Sunday, April 24, 2022

Daniel Kovalik: Why Russia's intervention in Ukraine is legal under international law

The argument can be made that Russia exercised its right for self-defense

Daniel Kovalik teaches International Human Rights at the University of Pittsburgh School of Law, and is author of the recently-released No More War: How the West Violates International Law by Using “Humanitarian” Intervention to Advance Economic and Strategic Interests.


Daniel Kovalik: Why Russia's intervention in Ukraine is legal under international law

For many years, I have studied and given much thought to the UN Charter’s prohibition against aggressive war. No one can seriously doubt that the primary purpose of the document – drafted and agreed to on the heels of the horrors of WWII – was and is to prevent war and “to maintain international peace and security,” a phrase repeated throughout. 

As the Justices at Nuremberg correctly concluded, “To initiate a war of aggression ... is not only an international crime; it is the supreme international crime differing only from other war crimes in that it contains within itself the accumulated evil of the whole.” That is, war is the paramount crime because all of the evils we so abhor – genocide, crimes against humanity, etc. – are the terrible fruits of the tree of war.

In light of the above, I have spent my entire adult life opposing war and foreign intervention.  Of course, as an American, I have had ample occasion to do so given that the US is, as Martin Luther King stated, “the greatest purveyor of violence in the world.”  Similarly, Jimmy Carter recently stated that the US is “the most war-like nation in the history of the world.” This is demonstrably true, of course. In my lifetime alone, the US has waged aggressive and unprovoked wars against countries such as Vietnam, Grenada, Panama, the former Yugoslavia, Iraq (twice), Afghanistan, Libya, and Somalia. And this doesn’t even count the numerous proxy wars the US has fought via surrogates (e.g., through the Contras in Nicaragua, various jihadist groups in Syria, and through Saudi Arabia and the UAE in the ongoing war against Yemen).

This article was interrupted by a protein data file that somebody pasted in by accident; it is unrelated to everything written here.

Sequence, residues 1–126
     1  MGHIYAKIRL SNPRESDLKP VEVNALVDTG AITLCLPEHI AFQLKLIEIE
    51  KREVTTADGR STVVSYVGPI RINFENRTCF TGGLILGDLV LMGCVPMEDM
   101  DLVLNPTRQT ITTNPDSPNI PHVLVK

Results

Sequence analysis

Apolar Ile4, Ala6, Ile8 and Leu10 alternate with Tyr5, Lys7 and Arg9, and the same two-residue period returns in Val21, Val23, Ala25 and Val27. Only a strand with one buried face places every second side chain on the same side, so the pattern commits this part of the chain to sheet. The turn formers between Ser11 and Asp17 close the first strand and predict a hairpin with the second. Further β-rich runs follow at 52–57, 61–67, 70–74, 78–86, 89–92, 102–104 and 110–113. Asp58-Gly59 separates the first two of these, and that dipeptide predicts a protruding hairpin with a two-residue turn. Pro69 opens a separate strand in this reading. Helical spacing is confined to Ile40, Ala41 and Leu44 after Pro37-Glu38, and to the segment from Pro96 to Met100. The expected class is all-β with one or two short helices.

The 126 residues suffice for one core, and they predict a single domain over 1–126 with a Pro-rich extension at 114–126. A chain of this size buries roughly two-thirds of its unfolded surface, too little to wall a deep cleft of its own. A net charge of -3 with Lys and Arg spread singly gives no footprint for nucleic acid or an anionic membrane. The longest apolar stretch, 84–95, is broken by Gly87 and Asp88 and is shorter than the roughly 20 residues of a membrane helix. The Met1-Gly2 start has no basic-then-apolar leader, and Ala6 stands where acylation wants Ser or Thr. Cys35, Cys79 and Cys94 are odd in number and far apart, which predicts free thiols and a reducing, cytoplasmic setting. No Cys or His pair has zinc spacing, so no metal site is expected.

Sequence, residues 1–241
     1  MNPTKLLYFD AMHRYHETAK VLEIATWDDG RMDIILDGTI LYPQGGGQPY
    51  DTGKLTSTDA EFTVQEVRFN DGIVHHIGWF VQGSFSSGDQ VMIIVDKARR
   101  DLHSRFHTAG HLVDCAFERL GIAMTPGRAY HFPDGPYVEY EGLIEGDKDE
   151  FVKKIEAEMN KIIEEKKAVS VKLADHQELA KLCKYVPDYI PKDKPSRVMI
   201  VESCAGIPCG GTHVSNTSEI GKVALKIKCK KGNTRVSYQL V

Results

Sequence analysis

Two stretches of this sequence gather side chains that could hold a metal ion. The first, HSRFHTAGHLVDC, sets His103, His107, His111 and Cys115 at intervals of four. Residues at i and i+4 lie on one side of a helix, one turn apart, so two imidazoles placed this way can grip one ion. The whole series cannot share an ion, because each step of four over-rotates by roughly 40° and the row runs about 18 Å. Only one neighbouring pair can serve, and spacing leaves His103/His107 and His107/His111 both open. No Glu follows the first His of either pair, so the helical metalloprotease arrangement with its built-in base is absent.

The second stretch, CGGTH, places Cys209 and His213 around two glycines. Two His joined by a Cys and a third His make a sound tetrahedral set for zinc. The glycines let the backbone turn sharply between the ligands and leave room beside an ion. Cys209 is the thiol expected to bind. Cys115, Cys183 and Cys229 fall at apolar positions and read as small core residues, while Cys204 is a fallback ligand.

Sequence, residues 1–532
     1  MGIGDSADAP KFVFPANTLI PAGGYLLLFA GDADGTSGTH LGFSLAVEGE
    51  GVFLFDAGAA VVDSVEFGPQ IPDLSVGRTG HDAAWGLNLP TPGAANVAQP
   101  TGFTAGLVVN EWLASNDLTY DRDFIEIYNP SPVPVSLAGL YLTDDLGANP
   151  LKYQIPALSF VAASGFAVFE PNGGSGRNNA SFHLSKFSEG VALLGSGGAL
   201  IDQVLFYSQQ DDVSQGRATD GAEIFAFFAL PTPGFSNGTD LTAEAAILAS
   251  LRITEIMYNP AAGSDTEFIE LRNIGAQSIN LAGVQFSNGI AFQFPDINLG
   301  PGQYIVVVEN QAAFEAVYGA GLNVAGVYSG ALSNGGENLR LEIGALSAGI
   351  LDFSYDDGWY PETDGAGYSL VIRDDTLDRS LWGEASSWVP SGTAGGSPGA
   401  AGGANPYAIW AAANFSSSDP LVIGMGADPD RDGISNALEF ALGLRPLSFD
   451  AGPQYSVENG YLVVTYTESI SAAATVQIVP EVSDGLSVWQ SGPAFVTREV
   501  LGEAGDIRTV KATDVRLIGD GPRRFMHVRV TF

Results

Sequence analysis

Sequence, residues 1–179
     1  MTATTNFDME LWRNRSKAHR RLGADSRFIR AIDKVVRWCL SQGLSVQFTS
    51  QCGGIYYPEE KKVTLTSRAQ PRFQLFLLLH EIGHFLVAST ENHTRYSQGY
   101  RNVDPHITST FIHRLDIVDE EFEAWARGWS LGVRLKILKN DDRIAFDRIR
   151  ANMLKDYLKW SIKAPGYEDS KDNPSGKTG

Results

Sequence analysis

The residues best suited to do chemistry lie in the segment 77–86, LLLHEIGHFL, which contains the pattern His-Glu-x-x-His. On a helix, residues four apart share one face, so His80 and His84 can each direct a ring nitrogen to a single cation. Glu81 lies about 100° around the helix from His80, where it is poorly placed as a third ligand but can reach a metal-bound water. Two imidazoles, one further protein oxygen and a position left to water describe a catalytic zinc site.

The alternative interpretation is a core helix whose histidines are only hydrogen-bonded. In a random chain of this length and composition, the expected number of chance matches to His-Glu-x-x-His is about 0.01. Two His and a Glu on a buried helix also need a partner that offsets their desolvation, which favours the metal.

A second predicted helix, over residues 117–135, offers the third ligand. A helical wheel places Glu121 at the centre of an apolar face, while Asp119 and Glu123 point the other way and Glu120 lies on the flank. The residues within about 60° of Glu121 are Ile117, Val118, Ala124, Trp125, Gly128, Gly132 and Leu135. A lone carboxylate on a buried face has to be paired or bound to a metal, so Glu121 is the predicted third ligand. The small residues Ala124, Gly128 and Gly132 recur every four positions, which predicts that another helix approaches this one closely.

Indeed, through such wars, the US has done more, and intentionally so, than any nation on earth to undermine the legal pillars prohibiting war.  It is in reaction to this, and with the express desire to try to salvage what is left of the UN Charter’s legal prohibitions against aggressive war, that a number of nations, including Russia and China, founded the Group of Friends in Defense of the UN Charter

In short, for the US to complain about Russia’s invasion of Ukraine as a violation of international law is, at best, the pot calling the kettle black. Still, the fact that the US is so obviously hypocritical in this regard does not necessarily mean Washington is automatically wrong. In the end, we must analyze Russia’s conduct on its own merits.  

One must begin this discussion by accepting the fact that there was already a war happening in Ukraine for the eight years preceding the Russian military incursion in February 2022. And, this war by the government in Kiev against the Russian-speaking peoples of the Donbass – a war which claimed the lives of around 14,000 people, many of them children, and displaced around 1.5 million more even before Russia’s military operation – has been arguably genocidal. That is, the government in Kiev, and especially its neo-Nazi battalions, carried out attacks against these peoples with the intention of destroying, at least in part, the ethnic Russians precisely because of their ethnicity.